Despite measures to combat it, bike theft is still rampant in the city. If someone approaches you on the street to try and sell you a cheap bike, you can be sure that it was only recently stolen.
If the police catch you buying such a bike you will be fined €160.
The locals try and prevent their bikes from being stolen by using two or more good locks. Those locks have to be applied in such as way that every part of the bike is attached to something else.
If you make the mistake of, for example, only securing your front wheel you could return to find the rest of the bike stolen.
Buying a Bike
Inexpensive bikes can be found at the Waterlooplein fleamarket, via Craigslist, or at regular bike stores (many of which will have refurbished trade-ins for sale).
Many supermarkets and tobacconists have a ‘free ads’ board where you can find good deals from private individuals in the neighborhood.
Many people paint or otherwise decorate their bikes to make them easier to find back.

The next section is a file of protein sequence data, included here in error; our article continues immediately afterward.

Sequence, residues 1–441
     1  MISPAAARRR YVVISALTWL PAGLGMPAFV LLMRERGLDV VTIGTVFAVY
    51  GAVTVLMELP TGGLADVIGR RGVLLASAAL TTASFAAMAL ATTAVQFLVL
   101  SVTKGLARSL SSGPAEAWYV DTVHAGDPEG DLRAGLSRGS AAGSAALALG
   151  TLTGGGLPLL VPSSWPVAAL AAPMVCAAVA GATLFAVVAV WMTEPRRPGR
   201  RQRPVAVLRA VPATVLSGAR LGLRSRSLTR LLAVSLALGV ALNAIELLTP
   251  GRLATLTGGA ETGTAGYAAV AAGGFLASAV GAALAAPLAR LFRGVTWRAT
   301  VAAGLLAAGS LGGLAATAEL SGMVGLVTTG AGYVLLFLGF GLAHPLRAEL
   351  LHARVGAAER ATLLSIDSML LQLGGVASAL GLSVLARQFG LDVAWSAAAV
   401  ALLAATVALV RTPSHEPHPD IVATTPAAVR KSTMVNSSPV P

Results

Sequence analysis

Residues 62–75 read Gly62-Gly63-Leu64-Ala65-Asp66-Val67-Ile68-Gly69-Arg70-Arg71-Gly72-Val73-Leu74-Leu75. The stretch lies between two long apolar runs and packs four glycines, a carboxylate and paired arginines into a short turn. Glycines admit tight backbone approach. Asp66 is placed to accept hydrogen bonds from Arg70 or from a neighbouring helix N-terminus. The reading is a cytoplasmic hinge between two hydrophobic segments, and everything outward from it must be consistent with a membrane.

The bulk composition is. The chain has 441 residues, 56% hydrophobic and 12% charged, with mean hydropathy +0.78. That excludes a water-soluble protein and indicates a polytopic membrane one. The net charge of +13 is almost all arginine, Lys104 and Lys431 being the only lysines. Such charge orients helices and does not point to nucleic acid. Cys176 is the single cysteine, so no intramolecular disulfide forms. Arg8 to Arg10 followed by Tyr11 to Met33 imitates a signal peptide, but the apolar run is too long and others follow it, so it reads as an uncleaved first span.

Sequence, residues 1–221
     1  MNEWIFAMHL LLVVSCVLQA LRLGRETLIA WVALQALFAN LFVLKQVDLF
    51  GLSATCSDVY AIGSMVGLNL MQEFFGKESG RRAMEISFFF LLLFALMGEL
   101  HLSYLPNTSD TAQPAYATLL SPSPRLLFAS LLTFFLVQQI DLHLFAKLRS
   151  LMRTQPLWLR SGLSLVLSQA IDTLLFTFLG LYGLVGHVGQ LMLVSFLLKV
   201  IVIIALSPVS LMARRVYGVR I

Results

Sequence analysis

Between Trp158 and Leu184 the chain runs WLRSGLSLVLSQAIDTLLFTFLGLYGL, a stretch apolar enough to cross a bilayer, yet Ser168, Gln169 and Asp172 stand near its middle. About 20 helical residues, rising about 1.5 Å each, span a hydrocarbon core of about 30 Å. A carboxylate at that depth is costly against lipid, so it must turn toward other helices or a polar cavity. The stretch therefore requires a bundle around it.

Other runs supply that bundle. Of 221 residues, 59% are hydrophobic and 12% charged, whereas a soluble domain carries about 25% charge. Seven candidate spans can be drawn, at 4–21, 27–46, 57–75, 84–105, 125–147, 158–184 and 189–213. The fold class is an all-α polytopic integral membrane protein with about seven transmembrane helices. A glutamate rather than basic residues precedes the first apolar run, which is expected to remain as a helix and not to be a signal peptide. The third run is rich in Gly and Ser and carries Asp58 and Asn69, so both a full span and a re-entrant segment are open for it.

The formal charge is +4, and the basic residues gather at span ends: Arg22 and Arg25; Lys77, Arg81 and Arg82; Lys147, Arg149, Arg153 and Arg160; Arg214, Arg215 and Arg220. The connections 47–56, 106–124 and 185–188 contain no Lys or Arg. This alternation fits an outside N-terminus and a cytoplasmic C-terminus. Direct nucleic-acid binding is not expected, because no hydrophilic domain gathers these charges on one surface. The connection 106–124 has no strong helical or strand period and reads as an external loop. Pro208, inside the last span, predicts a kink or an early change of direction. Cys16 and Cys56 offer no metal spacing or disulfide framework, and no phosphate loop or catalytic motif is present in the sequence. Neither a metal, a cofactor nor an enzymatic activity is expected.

Too, a uniquely-decorated bicycle works like bike theft insurance. Bike thieves prefer bikes that blend in. They are harder to spot and easier to sell.
Some Traffic Rules
Legally, bikes are allowed to turn right at a red light – if and when it is safe to do so.
In reality, many Amsterdammers feel invincible once they mount their bikes, and thus they won’t stop for anything.
They’ll run red lights, weave through traffic (regardless which direction it is coming from), and more often than not teach tourists not to walk on the bike paths by racing through small groups while loudly ringing their bells or yelling.
Helmets & Bicycle Gear
Incidentally, it is highly unusual to see any Dutch bicyclist wearing a helmet. It is just not necessary to do so.
If you do spot someone wearing a helmet, you can bet its a tourist or an expat.
Fortunately, the vast majority of Dutch cyclists also refrain from wearing lycra or spandex bicycle clothes. “Act normal; that’s strange enough,” is a Dutch maxim that applies here.
What you will see is normal people, wearing every-day clothes: jeans, business suits, a wedding dress, (mini) skirts, shorts, dresses, slacks, whatever.
As you might imagine, the overabundance of bicycles creates an ever-growing parking problem — especially in the center of town.
At times some sidewalks are nearly impossible to negotiate due to countless haphazardly-parked bikes.
The city spends a lot of time and money removing bicycles that were illegally parked. Consequently, if you find your bike missing, don’t automatically assume it was stolen.
You may discover that you can collect your bike — whether stolen and found, or removed by the police — at the Fietsdepot (Bicycle repository).